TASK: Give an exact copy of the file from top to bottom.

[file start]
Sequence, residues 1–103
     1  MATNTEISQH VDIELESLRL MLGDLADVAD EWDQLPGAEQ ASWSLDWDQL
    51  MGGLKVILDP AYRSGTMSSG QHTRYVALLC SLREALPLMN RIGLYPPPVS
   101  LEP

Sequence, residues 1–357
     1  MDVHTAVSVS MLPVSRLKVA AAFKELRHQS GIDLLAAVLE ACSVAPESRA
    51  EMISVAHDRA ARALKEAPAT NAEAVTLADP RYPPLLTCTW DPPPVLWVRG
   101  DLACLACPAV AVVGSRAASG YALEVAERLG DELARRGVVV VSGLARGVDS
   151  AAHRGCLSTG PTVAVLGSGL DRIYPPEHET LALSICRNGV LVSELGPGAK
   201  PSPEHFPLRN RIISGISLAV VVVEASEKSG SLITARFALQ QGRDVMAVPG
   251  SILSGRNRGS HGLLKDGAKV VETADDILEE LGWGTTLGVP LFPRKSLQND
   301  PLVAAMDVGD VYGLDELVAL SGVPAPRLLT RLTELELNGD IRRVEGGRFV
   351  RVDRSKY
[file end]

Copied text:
Sequence, residues 1–103
     1  MATNTEISQH VDIELESLRL MLGDLADVAD EWDQLPGAEQ ASWSLDWDQL
    51  MGGLKVILDP AYRSGTMSSG QHTRYVALLC SLREALPLMN RIGLYPPPVS
   101  LEP

Sequence, residues 1–357
     1  MDVHTAVSVS MLPVSRLKVA AAFKELRHQS GIDLLAAVLE ACSVAPESRA
    51  EMISVAHDRA ARALKEAPAT NAEAVTLADP RYPPLLTCTW DPPPVLWVRG
   101  DLACLACPAV AVVGSRAASG YALEVAERLG DELARRGVVV VSGLARGVDS
   151  AAHRGCLSTG PTVAVLGSGL DRIYPPEHET LALSICRNGV LVSELGPGAK
   201  PSPEHFPLRN RIISGISLAV VVVEASEKSG SLITARFALQ QGRDVMAVPG
   251  SILSGRNRGS HGLLKDGAKV VETADDILEE LGWGTTLGVP LFPRKSLQND
   301  PLVAAMDVGD VYGLDELVAL SGVPAPRLLT RLTELELNGD IRRVEGGRFV
   351  RVDRSKY